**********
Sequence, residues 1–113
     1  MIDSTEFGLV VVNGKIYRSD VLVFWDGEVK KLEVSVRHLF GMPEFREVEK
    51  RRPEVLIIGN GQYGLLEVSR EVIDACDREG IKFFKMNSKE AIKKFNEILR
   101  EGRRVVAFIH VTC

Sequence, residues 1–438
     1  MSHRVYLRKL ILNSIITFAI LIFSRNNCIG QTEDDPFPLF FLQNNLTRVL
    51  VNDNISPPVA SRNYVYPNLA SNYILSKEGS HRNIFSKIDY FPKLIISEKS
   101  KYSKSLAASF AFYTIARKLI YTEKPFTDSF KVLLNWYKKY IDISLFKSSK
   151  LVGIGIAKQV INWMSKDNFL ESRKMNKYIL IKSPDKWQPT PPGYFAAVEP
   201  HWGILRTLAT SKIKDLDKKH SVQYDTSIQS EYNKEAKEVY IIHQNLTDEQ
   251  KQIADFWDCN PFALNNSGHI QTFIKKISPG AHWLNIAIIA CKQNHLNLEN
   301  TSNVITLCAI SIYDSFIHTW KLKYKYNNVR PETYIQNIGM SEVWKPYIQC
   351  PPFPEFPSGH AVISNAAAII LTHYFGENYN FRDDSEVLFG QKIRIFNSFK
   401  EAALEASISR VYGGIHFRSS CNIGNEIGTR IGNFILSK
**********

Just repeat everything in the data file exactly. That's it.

Sequence, residues 1–113
     1  MIDSTEFGLV VVNGKIYRSD VLVFWDGEVK KLEVSVRHLF GMPEFREVEK
    51  RRPEVLIIGN GQYGLLEVSR EVIDACDREG IKFFKMNSKE AIKKFNEILR
   101  EGRRVVAFIH VTC

Sequence, residues 1–438
     1  MSHRVYLRKL ILNSIITFAI LIFSRNNCIG QTEDDPFPLF FLQNNLTRVL
    51  VNDNISPPVA SRNYVYPNLA SNYILSKEGS HRNIFSKIDY FPKLIISEKS
   101  KYSKSLAASF AFYTIARKLI YTEKPFTDSF KVLLNWYKKY IDISLFKSSK
   151  LVGIGIAKQV INWMSKDNFL ESRKMNKYIL IKSPDKWQPT PPGYFAAVEP
   201  HWGILRTLAT SKIKDLDKKH SVQYDTSIQS EYNKEAKEVY IIHQNLTDEQ
   251  KQIADFWDCN PFALNNSGHI QTFIKKISPG AHWLNIAIIA CKQNHLNLEN
   301  TSNVITLCAI SIYDSFIHTW KLKYKYNNVR PETYIQNIGM SEVWKPYIQC
   351  PPFPEFPSGH AVISNAAAII LTHYFGENYN FRDDSEVLFG QKIRIFNSFK
   401  EAALEASISR VYGGIHFRSS CNIGNEIGTR IGNFILSK